The 15th NCB International Seminar on Cement, Concrete, and Building Materials was held on 5 – 8 December at the Manakshaw Centre in New Delhi, India. The event attracted more than 1200 delegates, including 90 overseas delegates from 21 countries. Nearly 80 companies also took part in the associated exhibition.
The conference was inaugurated via video link by Suresh Prabhu, India’s Minister for Commerce and Industry, who drew attention to the country’s depleting limestone and other resources. The minister called for conservation of these natural resources through the development of alternative building materials, while also asking the cement industry to make use of alternative fuels and raw materials.
Speaking in his presidential address, Dr S. Chouksey, Chairman of the NCB and Director of JK Lakshmi Cement, pointed to the current overcapacity within the cement industry in Industry, which currently stands at around 100 million t. Outlook for demand is more positive, continued Dr Chouksey, noting that a number of Indian government policies, including the Make in India, Clean India mission, and 100 Smart Cities programmes, have the potential to spur cement demand to over 600 million t in 2022.
Further keynote presentations including one from Ajay Kapur, Managing Director of Ambuja Cements, who provided ‘The Industry Perspective’, while Mahendra Singhi, CEO of Dalmia Cement (Bharat) spoke on the ‘Future Outlook and Challenges’.
Both also picked up themes mentioned by the minister. Kapur noted that thermal substitution rates for alternative fuels at Indian cement plants is currently around 4%, compared to 40% at European cement plants.
“I am positive that the cement industry can provide a permanent and sustainable solutions for waste management,” said Kapur. “This is why it is imperative for government support in the form of policy initiatives to promote the use of alternative fuels and raw materials.”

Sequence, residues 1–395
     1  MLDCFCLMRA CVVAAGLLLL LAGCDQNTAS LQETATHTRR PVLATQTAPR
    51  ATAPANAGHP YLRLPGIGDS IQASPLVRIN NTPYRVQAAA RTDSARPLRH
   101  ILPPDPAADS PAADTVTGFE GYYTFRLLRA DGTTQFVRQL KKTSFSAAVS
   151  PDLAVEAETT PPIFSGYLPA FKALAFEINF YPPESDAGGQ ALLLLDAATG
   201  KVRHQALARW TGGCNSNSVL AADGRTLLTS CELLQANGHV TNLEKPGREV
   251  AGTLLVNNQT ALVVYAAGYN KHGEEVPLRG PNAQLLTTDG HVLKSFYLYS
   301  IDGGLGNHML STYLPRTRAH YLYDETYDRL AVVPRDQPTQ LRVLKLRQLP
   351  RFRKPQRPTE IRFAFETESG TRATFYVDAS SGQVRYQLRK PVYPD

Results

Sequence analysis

Singhi meanwhile commented on the underutilisation of flyash in India, noting that some 100 million tpy remains unused today, with a significant increase in flyash production from the coal-fired power industry expected in the next few years. “There is a huge potential for utilising flyash by the cement plants, which will not only help the environment, but will also help release significant areas of land from having to be used as dumps by the thermal power plants.”
On the technical side, Ashutosh Saxena, Director General (Acting) of the NCB provided ‘A Technological Perspective on the Cement Industry’, with almost 200 additional technical papers in 25 sessions also being presented at the conference. In addition a special technical session and panel discussion was held by the World Business Council for Sustainable Development at the event.
National Awards for Energy Efficiency, Environmental Excellence, and Quality Excellence rounded off the event with Dalmia Cement picking up six awards: four for the Dalmiapuram plant and two for the Aliyalur plant. UltraTech Cement’s Kotputli and Vikram plants were also among those plants recognised by the NCB.
Read the article online at: https://www.worldcement.com/indian-subcontinent/21122017/ncb-international-seminar-takes-place-in-new-delhi/
You might also like
Rebecca Long Pyper, Dome Technology, explains why more and more cement companies are inquiring about drive-through dome storage systems.